Shin’ichiro Ueda’s brilliant feature debut is a bit of movie inception. The movie starts off as a seriously cheesy low-budget zombie movie about an indie film crew filming a zombie movie in an abandoned warehouse, when suddenly, they’re attacked by real zombies, much to the director’s delight. If you’re still watching by the time the credits roll about 37 minutes in, yes, you read that right, boy, are you in for a treat! As you’re sitting there wondering ‘what the hell was that?’ a new movie starts. Well, sort of, it’s a flashback, and all good things to those who wait. One Cut of the Dead isn’t really a cheesy low-budget zombie film, it’s a hilarious meta-satirical comedy about filmmaking, including the backstage antics of producing live television. There are a ton of references to zombie movies and lots of gore and screaming, of course, but, the real prize here is the storytelling. One Cut features a strong message about the collaborative filmmaking process, and the resourcefulness, courage and heart it takes to be in the entertainment business. I guarantee, by the third act, you’ll forget all about those 37 minutes wasted in the beginning and cheer on the film crew’s spirited efforts to make their zombie movie.

Blood Quantum (2019)
Service: Shudder

“Every one of those motherf****** is a time bomb.”

Blood Quantum is essentially zombies on a modern-day reservation. You get all the blood-thirsty ravaging undead and pensive natives struggling to survive day-to-day, while reconciling their anger, resentment, and fears. Writer-director Jeff Barnaby channels his inner Romero and delivers biting social commentary on real life native troubles by drawing parallels to surviving in the zombie apocalypse, thus, immediately making it a better than average zombie story. Life on the reservation hasn’t improved, but it hasn’t necessarily deteriorated either. The white man is still trying to kill us. Same shit, different millennia. A little closer to the heart, there’s nice family drama subplot involving a wayward son named Lysol, wonderfully played by Kiowa Gordon. Lysol is one complex dude. He’s angry and alluring, righteous, and terrifying, and I don’t think it’s a stretch to say he represents a lot of young native men across the North America. Sadly, in a film filled with quirky interesting characters, Lysol is one of the few fleshed out characters. Dropped plot points involving back stories is just one of tiny problems that all add up over time, keeping the film from being truly great. I read director Barnaby wore several post production hats to ensure he told the story he wanted to tell, but I can’t help but wonder what the film could have been, if only it had a bigger budget and better editing. Despite its obvious flaws, this is a solid horror movie with nice cinematography, comical one-liners, ranging from cheesy to endearing, and plenty of zombie action and bloody carnage.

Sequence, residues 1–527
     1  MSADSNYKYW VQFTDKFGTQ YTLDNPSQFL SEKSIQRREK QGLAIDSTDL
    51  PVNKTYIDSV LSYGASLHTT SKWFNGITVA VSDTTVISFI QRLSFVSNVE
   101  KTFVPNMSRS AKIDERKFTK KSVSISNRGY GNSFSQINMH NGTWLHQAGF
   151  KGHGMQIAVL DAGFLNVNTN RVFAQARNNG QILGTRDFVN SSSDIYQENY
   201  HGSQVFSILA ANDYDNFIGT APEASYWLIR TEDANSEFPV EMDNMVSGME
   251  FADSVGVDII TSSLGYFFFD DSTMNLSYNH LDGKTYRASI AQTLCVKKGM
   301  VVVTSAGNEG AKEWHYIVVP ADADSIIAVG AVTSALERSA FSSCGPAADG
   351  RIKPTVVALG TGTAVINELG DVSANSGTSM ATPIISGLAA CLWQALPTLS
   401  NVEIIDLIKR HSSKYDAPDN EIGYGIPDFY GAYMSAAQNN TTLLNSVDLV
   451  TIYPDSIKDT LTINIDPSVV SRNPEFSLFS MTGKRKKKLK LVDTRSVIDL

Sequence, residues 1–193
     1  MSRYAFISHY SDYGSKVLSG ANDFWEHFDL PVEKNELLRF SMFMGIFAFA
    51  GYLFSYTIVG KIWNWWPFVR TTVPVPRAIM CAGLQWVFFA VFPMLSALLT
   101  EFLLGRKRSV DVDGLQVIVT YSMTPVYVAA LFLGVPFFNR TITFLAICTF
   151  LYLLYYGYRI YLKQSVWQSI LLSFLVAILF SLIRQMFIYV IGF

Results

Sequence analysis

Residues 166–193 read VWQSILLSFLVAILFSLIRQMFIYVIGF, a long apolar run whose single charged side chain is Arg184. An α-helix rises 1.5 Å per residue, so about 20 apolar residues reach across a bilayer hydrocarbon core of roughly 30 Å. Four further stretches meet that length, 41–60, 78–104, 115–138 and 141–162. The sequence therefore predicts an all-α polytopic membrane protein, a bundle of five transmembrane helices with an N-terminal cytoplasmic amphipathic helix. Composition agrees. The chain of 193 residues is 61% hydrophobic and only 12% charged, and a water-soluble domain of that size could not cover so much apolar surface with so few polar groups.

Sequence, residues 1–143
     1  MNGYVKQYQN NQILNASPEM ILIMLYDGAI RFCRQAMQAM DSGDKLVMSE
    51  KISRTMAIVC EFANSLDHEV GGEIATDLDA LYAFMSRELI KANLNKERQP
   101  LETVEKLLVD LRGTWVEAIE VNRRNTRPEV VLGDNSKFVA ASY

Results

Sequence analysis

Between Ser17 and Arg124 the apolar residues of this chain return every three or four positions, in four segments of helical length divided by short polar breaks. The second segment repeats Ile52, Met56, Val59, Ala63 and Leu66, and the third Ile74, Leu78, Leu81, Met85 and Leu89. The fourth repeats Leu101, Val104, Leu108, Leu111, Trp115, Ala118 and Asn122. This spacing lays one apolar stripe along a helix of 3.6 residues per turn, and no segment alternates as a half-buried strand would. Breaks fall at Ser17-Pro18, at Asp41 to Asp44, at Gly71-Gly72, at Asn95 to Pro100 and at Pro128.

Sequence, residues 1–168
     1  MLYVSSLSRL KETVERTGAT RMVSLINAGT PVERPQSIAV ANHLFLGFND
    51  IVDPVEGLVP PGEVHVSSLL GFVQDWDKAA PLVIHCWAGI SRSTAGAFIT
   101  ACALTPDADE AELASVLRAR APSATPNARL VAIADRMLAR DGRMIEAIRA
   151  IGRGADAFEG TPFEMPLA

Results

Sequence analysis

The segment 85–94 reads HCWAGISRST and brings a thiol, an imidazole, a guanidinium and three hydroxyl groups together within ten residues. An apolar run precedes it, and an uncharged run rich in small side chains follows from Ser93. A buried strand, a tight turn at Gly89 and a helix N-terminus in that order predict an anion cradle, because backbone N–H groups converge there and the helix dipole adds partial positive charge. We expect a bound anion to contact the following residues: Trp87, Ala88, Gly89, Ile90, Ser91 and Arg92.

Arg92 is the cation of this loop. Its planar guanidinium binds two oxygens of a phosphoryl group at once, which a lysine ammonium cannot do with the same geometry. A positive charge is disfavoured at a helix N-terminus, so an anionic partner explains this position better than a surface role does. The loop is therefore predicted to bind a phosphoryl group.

Worst Dads in Horror

Posting this blog a day late and a dollar short, just like dear ‘ole dad. If you were one of the millions who spent Father’s Day pining over your lost, non-existent volatile relationship with daddy dearest, cheer up, and be glad you weren’t the offspring of any of these bad dads of horror.

10. Satan – Rosemary’s Baby (1968)

It doesn’t really get much worse than having Satan for a dad. Sure, there are probably perks to being the Antichrist, but the trade-off is lifetime of micromanagement from mid-level staffers on daddy’s payroll. Satan’s coven rape, conspire, commit murder and drive the chosen mother-to-be to the brink of insanity, all to ensure Satan’s son is born on the exact date that will make him 33 years on the millennial, the same age as Jesus when he came into his own. Who would’ve guessed the devil would be so petty?

Rosemarys-Baby

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Scary Bites

Some of you may have noticed there was no Haiku of the Week.  Please forgive me.  I suffered a sudden health scare this week.  Recently, during a trip to a local botanical park in Austin, TX, I was bitten up by mosquitoes. The bites turned out to be more serious than I thought because I fell ill with a blood infection. Luckily, no serious disease. I’m now recovering and should be totally fine. Haiku will return next week, but as summer approaches, I can’t help but remind everyone to please use insect repellant.